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Wednesday, August 28, 2013

Review: The Big Wedding

A Big Surprise

By Chris Sabga



Release Date: April 26, 2013 – U.S.
Rating: R
Genre: Comedy, Drama
Running Time: 89 minutes
Director: Justin Zackham
Writers: Justin Zackham (screenplay), 
Jean-Stéphane Bron and Karine Sudan 
("Mon frère se marie")
Cast: Robert De Niro, Diane Keaton, 
Susan Sarandon, Katherine Heigl, 
Topher Grace, Ben Barnes, 
Amanda Seyfried, Christine Ebersole, 
David Rasche, Patricia Rae, 
Ana Ayora, Robin Williams


"The Big Wedding" is about a big family with big issues. It's a big, fun screwball comedy with a large all-star cast and dramatic revelations galore. It may not end up being the absolute highest point of anyone's career, but it is a tasty side dish that left me feeling warm and very pleasantly surprised.

Here are the members of the wedding party:

Don (Robert De Niro) was married to Ellie (Diane Keaton) for twenty years before divorcing. Since then, he has been living with his girlfriend, Bebe (Susan Sarandon). As the movie begins, they've been together for about a decade or so.

Their adopted son, Alejandro (Ben Barnes), is getting married to Missy (Amanda Seyfried). I'll get to her parents and his biological family later.

Before adopting Alejandro, Don and Ellie had two children together:

Jared (Topher Grace) is a 30-year-old virgin who is saving himself for marriage. He's obviously a devout Catholic. I'll get to that later as well.

Lyla (Katherine Heigl) may be less uptight about sex than her brother is, but she's certainly uptight enough about everything else. Weddings, babies, and family make her tense and queasy for reasons that will be revealed as the film progresses.

Meanwhile, Missy and Alejandro have their own set of family members and problems to deal with:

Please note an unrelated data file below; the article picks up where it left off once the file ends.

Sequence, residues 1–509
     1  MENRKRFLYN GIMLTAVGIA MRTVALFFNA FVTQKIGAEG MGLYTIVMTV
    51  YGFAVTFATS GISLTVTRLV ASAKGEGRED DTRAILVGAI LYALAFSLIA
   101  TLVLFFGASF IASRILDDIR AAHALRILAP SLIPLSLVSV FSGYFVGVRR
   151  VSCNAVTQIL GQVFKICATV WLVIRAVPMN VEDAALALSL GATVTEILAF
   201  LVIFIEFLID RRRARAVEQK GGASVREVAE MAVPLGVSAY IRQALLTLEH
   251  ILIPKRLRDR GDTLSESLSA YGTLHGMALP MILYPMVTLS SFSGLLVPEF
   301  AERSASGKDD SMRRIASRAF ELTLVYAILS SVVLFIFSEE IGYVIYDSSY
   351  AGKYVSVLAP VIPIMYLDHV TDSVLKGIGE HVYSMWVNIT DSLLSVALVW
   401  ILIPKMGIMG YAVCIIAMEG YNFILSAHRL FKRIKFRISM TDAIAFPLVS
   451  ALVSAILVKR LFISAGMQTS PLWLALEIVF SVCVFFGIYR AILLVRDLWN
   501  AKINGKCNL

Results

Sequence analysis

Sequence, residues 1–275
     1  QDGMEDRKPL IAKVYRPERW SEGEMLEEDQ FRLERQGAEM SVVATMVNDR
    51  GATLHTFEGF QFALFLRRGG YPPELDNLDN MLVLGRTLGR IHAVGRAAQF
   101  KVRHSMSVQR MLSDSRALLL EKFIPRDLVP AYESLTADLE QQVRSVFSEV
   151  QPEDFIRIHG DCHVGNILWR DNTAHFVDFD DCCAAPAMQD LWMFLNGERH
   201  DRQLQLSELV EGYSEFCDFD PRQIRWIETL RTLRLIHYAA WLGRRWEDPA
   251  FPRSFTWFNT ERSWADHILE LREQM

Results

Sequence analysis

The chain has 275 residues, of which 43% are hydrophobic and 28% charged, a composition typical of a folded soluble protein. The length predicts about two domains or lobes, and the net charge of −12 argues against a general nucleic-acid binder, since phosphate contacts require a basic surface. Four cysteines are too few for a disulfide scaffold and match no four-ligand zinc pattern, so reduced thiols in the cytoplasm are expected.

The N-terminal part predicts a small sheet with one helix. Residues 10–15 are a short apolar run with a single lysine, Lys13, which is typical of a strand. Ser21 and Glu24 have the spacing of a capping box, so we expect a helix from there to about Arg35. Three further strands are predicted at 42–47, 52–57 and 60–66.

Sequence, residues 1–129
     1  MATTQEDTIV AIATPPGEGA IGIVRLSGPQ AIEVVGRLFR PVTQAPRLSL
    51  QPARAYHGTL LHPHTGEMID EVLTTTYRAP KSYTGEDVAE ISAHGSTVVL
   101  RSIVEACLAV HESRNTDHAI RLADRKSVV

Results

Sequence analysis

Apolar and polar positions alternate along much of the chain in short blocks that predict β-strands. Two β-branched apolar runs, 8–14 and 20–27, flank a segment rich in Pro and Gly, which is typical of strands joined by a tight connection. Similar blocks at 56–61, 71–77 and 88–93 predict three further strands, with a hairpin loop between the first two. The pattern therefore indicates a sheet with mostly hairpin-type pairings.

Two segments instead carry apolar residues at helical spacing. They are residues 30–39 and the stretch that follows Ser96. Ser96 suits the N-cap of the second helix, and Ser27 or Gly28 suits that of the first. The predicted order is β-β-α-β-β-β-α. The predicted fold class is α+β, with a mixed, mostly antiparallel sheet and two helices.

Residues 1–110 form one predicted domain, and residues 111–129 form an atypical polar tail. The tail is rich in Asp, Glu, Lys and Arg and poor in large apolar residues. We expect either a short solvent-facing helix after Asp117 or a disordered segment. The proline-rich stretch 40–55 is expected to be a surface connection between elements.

Muffin (Christine Ebersole) and Barry (David Rasche) are Missy's parents. They're a bit, shall we say, eccentric. Yes, Muffin is her real name.

Madonna (Patricia Rae) and Nuria (Ana Ayora) are Alejandro's biological mother and sister, respectively. They come from South America, where the values are said to be different and far stricter (in other words, more Catholic). However, Nuria doesn't have the typical American hang-ups when it comes to nudity and sex.

Of course, no "big wedding" would be complete without someone there to officiate it:

Father Moinighan (Robin Williams) is a Catholic priest of the fire and brimstone variety. Pre-martial sex and birth control are unforgivable sins for which there is no redemption. Divorce is even worse. In his mind, that's a sure one-way ticket straight to Hell!

They all practice a type of Catholicism that the rest of the world left behind in the 14th century – or at least they'll have to pretend to. You see, they believe Alejandro's biological mother would be horrified to learn that she gave up her one and only son to divorced heathens who are living in irreparable sin. Oh, the horror!

Therefore, Don and Ellie will do what any former husband and wife logically would when put in a situation like this:

For the weekend of the wedding, they'll have to pretend they're still married.

This plan, as you would expect, does not please Bebe, who already feels like a third wheel. It's bad enough that Don never put a ring on her finger, but now she has to pretend she's not even a part of the family she's been with for ten years?!

If only Don and Ellie had thought about blowing thousands of dollars for no reason to get an annulment, none of this would be an issue. Sometimes it doesn't pay to be cheap, folks!

And all of that, believe it or not, is only a small sampling of what to expect during "The Big Wedding."

Even though every character in the movie is required to lie, the story works because it's based on a big truth:

If a family hasn't seen each other in a while, put them together in the same room for more than a few minutes and conflicts are inevitably bound to arise. 

"The Big Wedding" is nicely acted and well-scripted. All of the plot points that are introduced in the film ultimately have a payoff – and that makes for a satisfying viewing experience.  

Robert De Niro went through a long spell of appearing in projects that weren't worthy of his considerable talents, but between this and "Silver Linings Playbook," it's great to see him once again getting good material to work with. He's surrounded by a large, talented ensemble cast, and all of them interact with each other at some point. It's a treat to watch De Niro sharing fiery scenes with Katherine Heigl, Diane Keaton and Susan Sarandon tiptoeing around each other, Robin Williams taking confession, and dozens of other fun combinations.

Like most weddings I've attended, I walked into "The Big Wedding" not expecting much. It ended up being a big surprise. It has all of the drama with none of the boring speeches.

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